Computed Tomography (CT) scan:
The scan procedure involves the use of x-rays to get the cross-sectional images of the pancreas. It also helps to assess the spread of the cancer to the surrounding structures.
Magnetic Resonance Imaging (MRI) scan:
This scan involves the use of both radio and magnetic waves to create detailed images of the pancreas and its surrounding blood vessels.
Positron Emission Tomography (PET) scan:
This scan involves the use of a radioactive drug to mainly study the extent of spread of the cancer cells beyond the pancreas.
This test procedure involves the extraction of a small amount of tissue from the pancreas and examining it under the microscope. It is helpful to detect the cancer cells and determine the severity of cancer.
Pancreatic cancers are divided into different stages based on the extent of the size of a tumor and the spread of a tumor to the surrounding body parts.
Stages of Pancreatic cancer:
Thetreatment and recovery depend upon the stage of cancer. The stage of the disease is decided upon by studying the factors like size of the pancreatic tissue involved and the extent of spread of the disease to surrounding areas.
Stage 0: Non-invasive stage; the cancer cells are present within the cells of the pancreas. It cannot be diagnosed on imaging tests.
Stage 1: Invasive stage; the cancer cells are invasive and they may spread to nearby structures for 2 to 4 centimeters range.
Stage 2: Invasive stage; the cancer cells are invasive and they grow across the pancreas, and also spread to the nearby lymph nodes.
Stage 3: Invasive stage; the cancer cells are invasive and they invade surrounding structures like blood vessels or nerves. But, the cells are not spread to much distant sites.
Stage 4: Advanced stage; the cancer cells are widely spread to distant body parts like heart, brain, lungs and kidneys.
Treatment of Pancreatic cancer:
Treatment of cancer is based upon the stage of cancer. Treatment aims to eliminate or at least reduce the progression of the disease symptoms.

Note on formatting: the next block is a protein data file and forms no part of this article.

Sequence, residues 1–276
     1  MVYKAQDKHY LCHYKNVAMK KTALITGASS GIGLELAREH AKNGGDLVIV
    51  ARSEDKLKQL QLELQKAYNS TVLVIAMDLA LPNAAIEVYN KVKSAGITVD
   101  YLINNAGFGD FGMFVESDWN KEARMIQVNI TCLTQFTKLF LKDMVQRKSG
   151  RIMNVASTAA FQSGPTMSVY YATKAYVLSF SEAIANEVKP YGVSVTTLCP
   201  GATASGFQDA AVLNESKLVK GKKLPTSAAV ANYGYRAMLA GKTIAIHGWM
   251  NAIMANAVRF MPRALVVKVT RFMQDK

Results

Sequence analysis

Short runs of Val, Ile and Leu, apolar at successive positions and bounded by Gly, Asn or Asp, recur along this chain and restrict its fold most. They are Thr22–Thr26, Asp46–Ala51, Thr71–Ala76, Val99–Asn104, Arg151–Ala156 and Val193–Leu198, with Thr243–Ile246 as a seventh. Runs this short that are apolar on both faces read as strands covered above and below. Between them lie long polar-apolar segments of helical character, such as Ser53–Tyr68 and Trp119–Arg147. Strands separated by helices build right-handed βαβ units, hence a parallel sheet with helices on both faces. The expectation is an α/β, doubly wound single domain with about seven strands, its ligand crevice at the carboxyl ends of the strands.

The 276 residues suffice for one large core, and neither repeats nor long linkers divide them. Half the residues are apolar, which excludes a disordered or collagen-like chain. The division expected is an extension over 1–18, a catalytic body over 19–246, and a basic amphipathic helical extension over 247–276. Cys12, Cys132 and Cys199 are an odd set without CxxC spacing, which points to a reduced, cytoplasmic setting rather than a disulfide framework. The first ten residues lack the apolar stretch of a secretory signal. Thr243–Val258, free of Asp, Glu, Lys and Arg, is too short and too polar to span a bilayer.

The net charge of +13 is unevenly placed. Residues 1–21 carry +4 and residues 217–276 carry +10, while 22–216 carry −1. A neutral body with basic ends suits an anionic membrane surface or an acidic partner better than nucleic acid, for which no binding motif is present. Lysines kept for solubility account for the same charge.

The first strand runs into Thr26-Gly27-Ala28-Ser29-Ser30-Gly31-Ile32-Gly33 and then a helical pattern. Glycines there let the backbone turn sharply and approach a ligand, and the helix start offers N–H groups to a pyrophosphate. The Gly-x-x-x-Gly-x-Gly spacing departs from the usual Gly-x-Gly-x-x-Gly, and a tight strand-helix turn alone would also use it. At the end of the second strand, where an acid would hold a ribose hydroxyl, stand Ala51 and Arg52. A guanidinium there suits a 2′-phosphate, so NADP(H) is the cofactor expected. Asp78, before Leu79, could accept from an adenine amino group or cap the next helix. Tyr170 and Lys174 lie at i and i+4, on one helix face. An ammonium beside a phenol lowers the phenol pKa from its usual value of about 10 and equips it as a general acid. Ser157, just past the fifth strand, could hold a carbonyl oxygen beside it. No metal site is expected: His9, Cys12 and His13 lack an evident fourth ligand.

Surgery consists of complete or partial removal of the pancreas. The different types of operations include:
- Whipple procedure:
This surgery involves the removal of the head of the pancreas, along with the surrounding tissues.
- Distal pancreatectomy:
It is the surgery involving the left side of the pancreas is called distal pancreatectomy. This surgery may also require the removal of a small amount of spleen.
- Total pancreatectomy:
This surgery involves the removal of the whole of the pancreas and this method is called a total pancreatectomy.
In advanced stages of the disease, People should take insulin and enzyme replacement therapy after this process of complete removal of the pancreas, to lead a healthy life.
In radiotherapy, high-intensity radiations or x-rays are used to kill the cancer cells of the pancreas. This radiation therapy is either external (machine sends radiations) or internal (radioactive substance is sealed and placed in the site of cancer).
Doctors may recommend radiotherapy post-surgically or along with chemotherapy.
In chemotherapy, medicines are used to kill the cancer cells or to stop the cell division. The drugs are given orally or by injecting through a vein. Chemotherapy is given post-surgically, along with radiotherapy. It is also provided in advanced stages of the disease when the cancer cells spread to other body parts.
In some cases, surgery may not be considered for treatment due to some underlying complications. In such cases, the treatment for pancreatic cancer involves a combination of radiotherapy and chemotherapy.
In this method of treatment, opioid painkillers are given for symptomatic pain relief. Opioids are of different types, stronger opioids and weaker opioids. These medications are given either in the form of tablets or as a liquid.
Enzyme replacement therapy (administration of pancreatic enzymes), to help in digestion is also considered for treatment in some cases of pancreatic cancer.
Prevention of Pancreatic cancer:
No specific method is available to prevent the occurrence of pancreatic cancer completely. But, some measures help to reduce the risk of acquiring cancer. They are:
- To avoid smoking
- To limit the consumption of alcohol
- To maintain a healthy weight
- To monitor blood pressure regularly
- To reduce exposure to hazardous chemicals at work
Early diagnosis and appropriate management of the pancreatic cancers are essential to avoid further life-threatening complications of the disease.